Security was beefed up on Wednesday within the vicinity of the Court of Appeal, Abuja, as the Presidential Election Petition Tribunal delivers judgment in the petition filed by Peoples Democratic Party (PDP) and its candidate, Atiku Abubakar challenging president Muhammadu Buhari’s victory in the Feb. 23 general election.
Security personnel comprising mainly men of the Nigeria Police, the Department of State Services and the Nigerian Security and Civil Defence Corps mounted security checks at both ends of the stretch of the road to the court.
Lawyers and journalists who arrived the court premises located in the Three Arms Zone, were subjected to checks by security personnel.
Tribunal on Aug.21 reserved judgment in the petition after parties adopted their addresses.
Justice Mohammed Garba, Chairman of the five-man panel of justices had stated that the judgment date would be communicated to parties.
The president was declared the winner of the election after scoring 15,191,847 votes as against Atiku’s 11, 262,978 votes.
While adopting his address, Chief Wole Olanipekun, SAN, Counsel for Buhari, had described the petition as a sham as it lacked substance and merit.
“I have handled a few electoral petition cases, this is one petition that yarns for help, for assistance and for evidence but could not get any.
“Apart from the hype the matter has generated, there is nothing in law to support the allegations before the tribunal, Olanipekun said.
On the qualification of the president, Olanipekun said Section 131 (b) had settled that matter.
“I make bold to say that the Constitution and case laws had not compelled the candidates of the election to tendered certificates or attached same to INEC form before submission.
“The laws only mandate any person contesting election in the country to have gone to school up to Secondary School level,’’ he said.
On the issue of election results transmission by electronic means, the counsel said the use of such technology must be provided for in the Electoral Act.
“The allegation on the management of server by INEC is vague. Where is the server? This is a million dollar question that the petitioners could not substantiate.
“My Lords, this petition was not properly diagnosed, the action was ill-advised, I therefore urge the tribunal not to bow to sentiment or public opinion that does not represent the law.
“This petition is liable to be dismissed with a considerable cost’’, Olanipekun said.
On his part, Mr Lateef Fagbemi, SAN, Counsel for All Progressive Congress (APC) said he could not help but take the liberty to align himself with the submissions made Olanipekun.
“My Lords it is disheartening to see that this petition still remains watery at this stage.
“The petition made allegations they could not proof. We have done a table showing how the petitioners have proven the case so far.
“The election took place in 119,976 Polling Units, 8,901 Wards in 774 Local Government Areas across the country.
“It is sad therefore to see that the petitioners only called 62 witnesses. Out of this figure, only five witnesses gave direct evidence of what happened in polling units on the day of election.
“I feel sad that this matter has been starved of evidence and therefore deserves to be dismissed,’’ Fagbemi said.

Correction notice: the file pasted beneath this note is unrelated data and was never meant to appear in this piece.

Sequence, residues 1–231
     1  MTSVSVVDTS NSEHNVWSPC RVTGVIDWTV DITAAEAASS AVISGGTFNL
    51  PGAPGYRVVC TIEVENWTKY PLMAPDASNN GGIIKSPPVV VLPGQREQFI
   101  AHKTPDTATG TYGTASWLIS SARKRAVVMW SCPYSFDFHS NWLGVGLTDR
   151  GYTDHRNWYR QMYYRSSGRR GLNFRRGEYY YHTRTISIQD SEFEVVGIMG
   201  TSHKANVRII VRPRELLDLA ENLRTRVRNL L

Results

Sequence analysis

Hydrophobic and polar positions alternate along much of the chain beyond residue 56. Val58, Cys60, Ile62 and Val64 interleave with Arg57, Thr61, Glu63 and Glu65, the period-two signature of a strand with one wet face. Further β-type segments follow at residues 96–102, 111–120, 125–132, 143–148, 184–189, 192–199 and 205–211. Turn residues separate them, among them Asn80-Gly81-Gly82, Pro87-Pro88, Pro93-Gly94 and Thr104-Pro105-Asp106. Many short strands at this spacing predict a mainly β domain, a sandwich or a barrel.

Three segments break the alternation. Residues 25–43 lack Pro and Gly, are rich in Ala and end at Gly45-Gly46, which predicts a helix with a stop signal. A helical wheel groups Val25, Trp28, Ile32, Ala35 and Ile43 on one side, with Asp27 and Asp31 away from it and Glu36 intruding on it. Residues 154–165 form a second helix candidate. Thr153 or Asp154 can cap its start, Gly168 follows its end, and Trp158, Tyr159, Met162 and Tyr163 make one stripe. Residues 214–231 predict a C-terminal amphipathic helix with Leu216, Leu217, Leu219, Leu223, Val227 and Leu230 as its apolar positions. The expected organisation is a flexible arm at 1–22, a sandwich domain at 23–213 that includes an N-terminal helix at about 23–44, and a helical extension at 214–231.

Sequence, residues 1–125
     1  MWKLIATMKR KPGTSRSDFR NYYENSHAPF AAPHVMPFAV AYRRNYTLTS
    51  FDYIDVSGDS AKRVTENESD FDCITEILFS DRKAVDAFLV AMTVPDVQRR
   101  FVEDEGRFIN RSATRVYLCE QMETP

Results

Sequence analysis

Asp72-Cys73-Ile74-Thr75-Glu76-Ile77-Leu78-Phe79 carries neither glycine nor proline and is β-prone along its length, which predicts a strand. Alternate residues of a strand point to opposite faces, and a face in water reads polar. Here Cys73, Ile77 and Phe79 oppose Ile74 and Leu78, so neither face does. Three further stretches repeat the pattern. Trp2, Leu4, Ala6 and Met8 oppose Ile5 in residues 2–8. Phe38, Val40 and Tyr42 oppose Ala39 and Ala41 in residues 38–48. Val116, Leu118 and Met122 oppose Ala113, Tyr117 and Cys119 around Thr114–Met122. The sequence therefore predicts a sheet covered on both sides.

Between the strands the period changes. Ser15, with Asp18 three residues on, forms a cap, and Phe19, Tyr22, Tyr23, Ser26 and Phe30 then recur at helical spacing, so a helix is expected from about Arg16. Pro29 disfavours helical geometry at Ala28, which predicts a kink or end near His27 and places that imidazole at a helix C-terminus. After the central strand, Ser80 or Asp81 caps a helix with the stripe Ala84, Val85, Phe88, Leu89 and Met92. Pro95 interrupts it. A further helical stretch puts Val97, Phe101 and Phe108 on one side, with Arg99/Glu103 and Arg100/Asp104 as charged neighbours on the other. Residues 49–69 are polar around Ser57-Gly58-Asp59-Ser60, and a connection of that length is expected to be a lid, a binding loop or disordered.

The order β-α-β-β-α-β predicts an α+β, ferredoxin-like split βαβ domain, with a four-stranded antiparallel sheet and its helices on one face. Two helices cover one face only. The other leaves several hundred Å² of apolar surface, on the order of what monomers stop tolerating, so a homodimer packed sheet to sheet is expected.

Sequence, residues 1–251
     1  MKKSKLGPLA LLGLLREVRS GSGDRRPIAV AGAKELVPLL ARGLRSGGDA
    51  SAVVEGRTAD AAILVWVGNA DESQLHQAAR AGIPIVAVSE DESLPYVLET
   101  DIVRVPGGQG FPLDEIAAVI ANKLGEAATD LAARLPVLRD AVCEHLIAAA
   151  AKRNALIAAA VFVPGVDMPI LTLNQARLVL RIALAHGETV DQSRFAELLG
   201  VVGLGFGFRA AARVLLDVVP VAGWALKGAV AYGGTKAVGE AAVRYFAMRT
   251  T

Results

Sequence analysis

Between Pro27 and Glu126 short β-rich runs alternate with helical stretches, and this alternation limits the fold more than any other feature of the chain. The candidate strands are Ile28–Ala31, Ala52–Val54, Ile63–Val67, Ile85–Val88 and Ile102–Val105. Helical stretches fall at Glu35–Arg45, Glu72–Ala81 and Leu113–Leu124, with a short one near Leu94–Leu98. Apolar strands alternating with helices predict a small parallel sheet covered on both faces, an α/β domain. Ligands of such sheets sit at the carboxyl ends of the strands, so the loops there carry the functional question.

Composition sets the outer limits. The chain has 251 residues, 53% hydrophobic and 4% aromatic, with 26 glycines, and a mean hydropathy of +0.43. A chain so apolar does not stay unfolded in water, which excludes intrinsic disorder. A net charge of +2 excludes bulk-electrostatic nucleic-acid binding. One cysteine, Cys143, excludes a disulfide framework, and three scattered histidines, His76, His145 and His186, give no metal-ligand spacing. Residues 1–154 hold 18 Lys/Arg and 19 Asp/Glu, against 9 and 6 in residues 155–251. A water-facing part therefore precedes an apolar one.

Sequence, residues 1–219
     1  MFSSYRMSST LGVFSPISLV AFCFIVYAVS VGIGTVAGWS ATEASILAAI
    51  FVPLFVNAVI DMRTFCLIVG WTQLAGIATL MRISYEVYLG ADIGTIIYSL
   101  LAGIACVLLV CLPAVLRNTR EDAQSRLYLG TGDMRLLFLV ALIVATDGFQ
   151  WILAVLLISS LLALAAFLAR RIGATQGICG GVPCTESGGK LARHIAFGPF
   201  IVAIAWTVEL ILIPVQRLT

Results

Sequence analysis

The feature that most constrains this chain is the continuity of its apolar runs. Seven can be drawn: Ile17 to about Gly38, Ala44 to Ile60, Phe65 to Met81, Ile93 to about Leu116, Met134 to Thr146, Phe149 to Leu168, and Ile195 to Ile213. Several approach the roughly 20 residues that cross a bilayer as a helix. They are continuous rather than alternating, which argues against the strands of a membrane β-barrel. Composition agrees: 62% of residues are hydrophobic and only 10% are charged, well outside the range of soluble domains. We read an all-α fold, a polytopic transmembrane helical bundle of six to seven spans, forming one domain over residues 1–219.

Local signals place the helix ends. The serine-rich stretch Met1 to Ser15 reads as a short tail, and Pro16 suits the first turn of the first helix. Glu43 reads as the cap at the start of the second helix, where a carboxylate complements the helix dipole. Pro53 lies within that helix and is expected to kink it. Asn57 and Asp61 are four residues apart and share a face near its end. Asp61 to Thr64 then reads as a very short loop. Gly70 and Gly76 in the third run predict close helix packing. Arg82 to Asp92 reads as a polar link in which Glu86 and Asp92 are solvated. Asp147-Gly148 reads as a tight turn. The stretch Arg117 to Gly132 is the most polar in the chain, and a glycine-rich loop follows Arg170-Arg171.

Also, Mr Yunus Usman, SAN, Counsel for the Independent National Electoral Commission (INEC) urged the panel to uphold all of its objections raised against the admissibility of all pieces of documentary and oral evidence led by the petitioners.
Usman submitted that the electoral body conducted the Feb.23 presidential election in total compliance with provisions of the Electoral Act 2010 (as amended).
He also urged the panel to disregard the petitioners’ claims that the results of the election were transmitted electronically to a central server managed by INEC, adding that it was the “greatest lie of the century’’.
He submitted that it was laughable when the petitioners made pleadings that suggested that only the PDP and APC and their candidates contested the election.
Usman prayed the tribunal to take judicial notice of the fact that the Electoral Act 2010 prohibited the transmission of election results electronically.
According to him, the law only provides for manual transmission of election results.
Usman said that all the witnesses presented by the petitioners admitted to the fact that transmission of election results electronically had no placed in the country’s statute books at the moment.
In countering allegations that INEC abandoned its pleadings by not presenting witnesses, the counsel said the commission simply extracted salient pieces of evidence from the petitioners’ pleadings to solidify its defence.
“It would have amounted to wasting the time of the tribunal for us to call witnesses when the petitioners could not discharge the burden of proof on allegations they had made,’’ he said.
Usman thereafter prayed the court to dismiss the petition for lack of merit.
Meanwhile, Dr Livy Uzoukwu, SAN, Counsel for the petitioners urged the tribunal to discountenance the addresses of the respondents, adding that the petitioners had indeed discharged the burden of proof.
He said the tribunal must exercise its powers in good conscience to uphold the petition and return Abubakar as president.
Uzoukwu further said the second respondent (Buhari) was unable to present his Secondary School Certificate before the tribunal in order to rest the allegation.
“My Lords, we pray the panel to judiciously and judicially evaluate our evidence in context of whether we have justified our allegation against Buhari’s certificate or not.
On the issue of server, Uzoukwu said INEC had operated, activated and stored the Feb.23 election results in a centrally controlled server.
The tribunal would have to rule on all pending interlocutory applications filed by parties before delivering judgment on the main appeal. (NAN)